snowy owl

Types of Owls in Alaska (with Pictures)

With photographs and essential facts, we’ll show the most popular owls in Alaska. Only trustworthy sources were used, and the data were double-checked with an Ornithologist.

Some of the most common owls in Alaska are the snowy owl, northern hawk owl, and western screech owl. Each type of owl has its own unique characteristics and habits. In this blog post, we will take a closer look at some of the most common owls found in Alaska, as well as their habits and habitats.

Most common owls of Alaska

Snowy Owls

snowy owl
Snowy Owls

The snowy owl is the most common owl found in Alaska. It is a large, white bird with piercing yellow eyes. The snowy owl can be found in both rural and urban areas throughout the state. They prefer open habitats like tundra, prairies, and airports where they can find prey easily. Snowy owls eat small mammals like lemmings, voles, and hares. They also eat birds, fish, and insects. Snowy owls are usually solitary animals, but they may form small flocks during the winter. They are migratory birds and can be found in Alaska from October to April. The best time of year to see snowy owls is in the winter. They can be seen during the day and at night.

The snowy owl prefers to perch on high objects like fence posts, telephone poles, and trees.

Fun Fact: Snowy owls are the only birds of prey that can see ultraviolet light.

Northern Hawk Owl

Northern Hawk Owl

The Northern Hawk Owl is a medium-sized owl with brown and gray feathers. It has a distinctive black facial disk that helps to camouflage the owl in the dark forests of Alaska. The hawk owl is one of the most diurnal owls, meaning it hunts during the day. They can be found in coniferous forests throughout Alaska. Northern hawk owls eat small mammals, birds, and insects. They hunt by sitting and waiting on a perch until the prey is in sight. Then, they swoop down to catch their food.

Northern Hawk Owls do not build nests, so hawk owlets will live in the abandoned nest of another bird species or on a tree branch as soon as they are born. Although Northern Hawk Owls can breed at any time of year, they typically start breeding in March. Hawk owls will lay three to five eggs and incubate them for 24-30 days before the chicks hatch. At two weeks old, hawk owlets can fly but are still dependent on their parents for food.

Northern Hawk Owls have a very loud call that sounds like a hawk screaming. This call can be heard up to a mile away and is often used to communicate with other owls. The Northern Hawk Owl is considered a threatened species in Alaska, due to the loss of habitat from logging and development.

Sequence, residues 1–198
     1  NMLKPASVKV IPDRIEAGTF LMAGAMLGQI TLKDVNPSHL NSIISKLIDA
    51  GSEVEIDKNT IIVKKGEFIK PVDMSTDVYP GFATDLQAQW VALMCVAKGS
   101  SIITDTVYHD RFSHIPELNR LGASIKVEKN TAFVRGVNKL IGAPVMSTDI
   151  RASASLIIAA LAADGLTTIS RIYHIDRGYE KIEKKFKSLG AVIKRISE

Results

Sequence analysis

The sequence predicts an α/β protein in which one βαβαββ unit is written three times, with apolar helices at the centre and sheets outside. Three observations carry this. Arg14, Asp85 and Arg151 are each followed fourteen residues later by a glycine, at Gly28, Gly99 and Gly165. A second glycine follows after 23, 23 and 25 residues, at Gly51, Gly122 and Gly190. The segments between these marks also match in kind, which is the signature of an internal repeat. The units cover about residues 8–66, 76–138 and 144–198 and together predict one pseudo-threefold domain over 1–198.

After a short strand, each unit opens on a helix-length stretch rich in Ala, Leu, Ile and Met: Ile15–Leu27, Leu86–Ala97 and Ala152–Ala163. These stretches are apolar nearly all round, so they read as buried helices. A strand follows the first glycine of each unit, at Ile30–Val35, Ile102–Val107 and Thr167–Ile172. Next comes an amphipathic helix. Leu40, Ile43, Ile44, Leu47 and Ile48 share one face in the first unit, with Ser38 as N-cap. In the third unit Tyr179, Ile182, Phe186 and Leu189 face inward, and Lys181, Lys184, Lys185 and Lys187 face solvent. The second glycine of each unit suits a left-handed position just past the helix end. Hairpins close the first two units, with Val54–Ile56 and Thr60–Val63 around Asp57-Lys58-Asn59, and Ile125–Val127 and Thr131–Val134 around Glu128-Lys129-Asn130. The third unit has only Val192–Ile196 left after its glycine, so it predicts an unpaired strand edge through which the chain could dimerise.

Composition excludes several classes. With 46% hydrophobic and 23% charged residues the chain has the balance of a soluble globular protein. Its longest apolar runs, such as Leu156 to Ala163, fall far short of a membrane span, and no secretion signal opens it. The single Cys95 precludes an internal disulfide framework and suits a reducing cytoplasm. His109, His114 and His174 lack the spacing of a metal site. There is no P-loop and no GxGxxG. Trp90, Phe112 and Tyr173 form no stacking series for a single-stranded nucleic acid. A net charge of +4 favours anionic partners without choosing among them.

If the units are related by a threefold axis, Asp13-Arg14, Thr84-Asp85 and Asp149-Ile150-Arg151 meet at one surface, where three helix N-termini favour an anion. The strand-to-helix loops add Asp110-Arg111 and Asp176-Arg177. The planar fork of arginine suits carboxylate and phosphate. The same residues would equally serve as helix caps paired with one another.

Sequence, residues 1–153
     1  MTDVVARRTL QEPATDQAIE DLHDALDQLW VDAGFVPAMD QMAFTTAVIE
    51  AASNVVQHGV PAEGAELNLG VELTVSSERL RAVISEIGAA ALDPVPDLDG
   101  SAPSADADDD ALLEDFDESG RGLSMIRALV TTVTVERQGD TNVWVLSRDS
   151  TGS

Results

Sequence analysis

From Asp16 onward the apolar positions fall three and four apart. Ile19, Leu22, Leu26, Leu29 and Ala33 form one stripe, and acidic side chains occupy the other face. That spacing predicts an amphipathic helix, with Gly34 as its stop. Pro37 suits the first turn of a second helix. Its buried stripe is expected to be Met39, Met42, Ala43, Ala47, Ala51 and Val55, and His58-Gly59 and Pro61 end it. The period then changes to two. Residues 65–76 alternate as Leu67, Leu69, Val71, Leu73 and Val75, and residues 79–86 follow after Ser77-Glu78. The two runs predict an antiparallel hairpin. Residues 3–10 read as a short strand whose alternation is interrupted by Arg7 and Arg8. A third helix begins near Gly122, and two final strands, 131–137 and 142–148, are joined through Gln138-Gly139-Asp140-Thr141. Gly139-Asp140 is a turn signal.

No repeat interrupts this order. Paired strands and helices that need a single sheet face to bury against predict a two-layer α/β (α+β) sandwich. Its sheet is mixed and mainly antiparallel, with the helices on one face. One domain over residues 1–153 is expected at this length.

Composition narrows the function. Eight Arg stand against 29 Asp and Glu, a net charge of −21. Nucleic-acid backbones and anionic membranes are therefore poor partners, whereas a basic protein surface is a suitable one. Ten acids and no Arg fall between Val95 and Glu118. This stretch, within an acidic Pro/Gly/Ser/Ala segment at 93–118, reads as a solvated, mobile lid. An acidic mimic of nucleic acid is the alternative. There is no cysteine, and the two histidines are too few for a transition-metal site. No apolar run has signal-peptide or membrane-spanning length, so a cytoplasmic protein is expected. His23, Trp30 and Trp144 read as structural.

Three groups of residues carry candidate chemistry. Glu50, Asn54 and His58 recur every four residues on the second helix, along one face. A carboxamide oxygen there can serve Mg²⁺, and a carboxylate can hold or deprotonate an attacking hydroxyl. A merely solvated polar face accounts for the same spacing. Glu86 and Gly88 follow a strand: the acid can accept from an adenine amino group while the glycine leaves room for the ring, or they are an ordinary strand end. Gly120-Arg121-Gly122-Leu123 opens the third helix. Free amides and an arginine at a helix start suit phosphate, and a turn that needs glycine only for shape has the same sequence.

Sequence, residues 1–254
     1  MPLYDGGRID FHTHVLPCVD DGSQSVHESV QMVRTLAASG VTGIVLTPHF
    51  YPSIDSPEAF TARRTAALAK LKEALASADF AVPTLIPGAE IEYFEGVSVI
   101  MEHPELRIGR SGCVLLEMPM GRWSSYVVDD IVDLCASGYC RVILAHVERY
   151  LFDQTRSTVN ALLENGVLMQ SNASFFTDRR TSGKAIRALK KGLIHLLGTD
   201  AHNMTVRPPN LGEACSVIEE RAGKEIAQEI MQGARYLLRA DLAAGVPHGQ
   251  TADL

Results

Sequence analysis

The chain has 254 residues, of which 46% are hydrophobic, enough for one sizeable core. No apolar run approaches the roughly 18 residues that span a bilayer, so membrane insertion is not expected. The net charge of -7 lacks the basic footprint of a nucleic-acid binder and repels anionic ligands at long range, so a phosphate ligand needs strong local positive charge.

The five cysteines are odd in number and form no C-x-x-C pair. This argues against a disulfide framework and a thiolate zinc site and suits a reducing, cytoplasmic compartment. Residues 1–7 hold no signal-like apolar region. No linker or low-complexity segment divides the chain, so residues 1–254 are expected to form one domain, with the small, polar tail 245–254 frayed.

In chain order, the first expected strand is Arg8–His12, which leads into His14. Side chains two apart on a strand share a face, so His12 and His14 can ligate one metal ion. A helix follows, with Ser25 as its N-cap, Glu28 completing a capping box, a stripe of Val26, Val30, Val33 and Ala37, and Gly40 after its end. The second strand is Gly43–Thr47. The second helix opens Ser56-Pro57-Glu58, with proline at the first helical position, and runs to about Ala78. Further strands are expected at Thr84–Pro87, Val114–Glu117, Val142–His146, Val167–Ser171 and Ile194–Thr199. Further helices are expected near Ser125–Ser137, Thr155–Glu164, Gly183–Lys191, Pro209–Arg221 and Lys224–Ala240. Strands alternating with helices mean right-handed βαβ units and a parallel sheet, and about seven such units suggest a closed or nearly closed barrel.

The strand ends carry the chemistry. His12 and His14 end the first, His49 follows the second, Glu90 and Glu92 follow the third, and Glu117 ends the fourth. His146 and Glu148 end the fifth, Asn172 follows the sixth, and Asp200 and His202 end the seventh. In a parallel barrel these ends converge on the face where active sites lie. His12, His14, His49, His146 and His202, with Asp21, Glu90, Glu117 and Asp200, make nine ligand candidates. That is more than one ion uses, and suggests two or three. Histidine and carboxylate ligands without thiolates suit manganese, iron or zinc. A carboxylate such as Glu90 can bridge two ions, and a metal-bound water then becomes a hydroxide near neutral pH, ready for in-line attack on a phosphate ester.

Western Screech Owl

Western Screech Owl

The Western Screech Owl is a small owl that can be found in western North America. This owl gets its name from the distinct screeching call it makes. The Western Screech Owl has brown and white feathers, and it is around nine inches tall.

This owl lives in forests, woodlands, and urban areas. It feeds on insects, rodents, and other small animals. The Western Screech Owl is a nocturnal owl and it hunts at night.

The Western Screech Owl is a common owl in Alaska. It can be found in many different habitats, including forests, woodlands, and even urban areas. This owl feeds on a variety of small animals and insects.

Great Gray Owl

Great Gray Owl

The Great Gray Owl is the largest owl in North America. It has gray and white feathers, and it is around 24 inches tall.

This owl lives in coniferous forests and prefers cold climates. The Great Gray Owl hunts at night and eats small mammals, birds, and insects.

The Great Gray Owl can be found in many different habitats throughout Alaska. It prefers the coniferous forests of the northern part, but it can also be found in other parts of the state. This owl feeds on a variety of small animals and insects.

It hunts mostly at night, but it can also be active during the day.

The Great Gray Owl is a beautiful bird that can be found in many different habitats throughout Alaska. It is the largest owl in North America and has gray and white feathers. This owl prefers cold climates and hunts at night. The Great Gray Owl feeds on small mammals, birds, and insects. It can be found in many different parts of Alaska.

Related post: Types of Owls in Indiana

Northern Saw-whet Owl

Northern Saw-whet Owl

Northern Saw-whet Owl is the smallest owl in North America. They are about six to seven inches tall and have a wingspan of about 14 inches. Northern Saw-whet Owls are brown with white spots on their head and chest. They have heart-shaped faces with yellow eyes.

Northern Saw-whet Owls are found in Alaska, Canada, and across the United States. They can be found in coniferous forests that have large trees with dense foliage. They like to live near rivers or lakes.